We have almost unlimited choices when it comes to entertainment today. When we think about what life was like 150 years ago and the entertainment choices of the Victorians, the list is a lot shorter. There was no television. Cinema was in very early development and a commercial entity. There was no radio. There was music, theater, sports, reading, games, and needlework (for women). One of the lesser known forms of entertainment was the practice of dressing up in costumes and posing for one another in what was known as a vignette or tableau vivant (living picture).
Its origin can perhaps be traced back to the short dramatic scenes that would punctuate a religious service. To this day, many churches create their own vignettes through the telling of the Nativity at Christmas. By the 1800s, the vignette was used to bring art to places as far flung as Western frontier towns.
Sometimes presented in a private home’s parlor and other times on a theater stage, vignettes could tell a story without the needs of a full theatrical production. This made the vignette a perfect way to recreate works of art on stage. Models in costume would pose in a scene from a painting, sketch, or etching. By the mid-19th century, the Realism movement was railing against the heavy stylization of Romanticism and brought more natural depictions to the vignette.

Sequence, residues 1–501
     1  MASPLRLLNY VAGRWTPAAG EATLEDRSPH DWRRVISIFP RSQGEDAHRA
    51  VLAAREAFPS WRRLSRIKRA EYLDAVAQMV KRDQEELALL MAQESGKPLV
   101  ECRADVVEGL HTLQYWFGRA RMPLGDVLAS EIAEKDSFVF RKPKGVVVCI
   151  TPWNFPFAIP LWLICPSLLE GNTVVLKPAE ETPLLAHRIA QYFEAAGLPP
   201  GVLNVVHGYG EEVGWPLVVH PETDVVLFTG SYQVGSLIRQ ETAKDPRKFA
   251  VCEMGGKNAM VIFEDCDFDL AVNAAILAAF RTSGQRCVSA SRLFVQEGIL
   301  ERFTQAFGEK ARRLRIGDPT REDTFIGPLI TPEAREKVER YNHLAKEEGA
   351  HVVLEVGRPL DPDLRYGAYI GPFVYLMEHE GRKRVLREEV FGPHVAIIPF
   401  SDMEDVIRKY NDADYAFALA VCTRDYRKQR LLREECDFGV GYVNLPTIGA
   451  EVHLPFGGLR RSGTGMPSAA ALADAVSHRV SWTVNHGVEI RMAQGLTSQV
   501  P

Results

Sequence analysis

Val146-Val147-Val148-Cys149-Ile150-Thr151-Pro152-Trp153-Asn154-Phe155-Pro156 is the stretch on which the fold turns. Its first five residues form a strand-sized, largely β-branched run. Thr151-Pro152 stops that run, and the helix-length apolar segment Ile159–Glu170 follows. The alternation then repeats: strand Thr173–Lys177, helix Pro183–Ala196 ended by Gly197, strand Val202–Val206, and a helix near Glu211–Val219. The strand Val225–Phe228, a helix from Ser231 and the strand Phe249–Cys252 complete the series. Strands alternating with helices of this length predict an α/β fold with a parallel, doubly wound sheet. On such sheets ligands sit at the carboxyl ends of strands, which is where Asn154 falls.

The vignette gave way to the magic lantern or stereopticon show. The magic lantern or stereopticon as it was known in the United States, combined projected images, live narration, and live music. It was the precursor to moving pictures, aka the movies.
Another possible outgrowth of the vignette is the comic strip. Just as a vignette tells a story through pictures and narrative or captions, the vignette, or tableaux vivant was often used for the same purpose.
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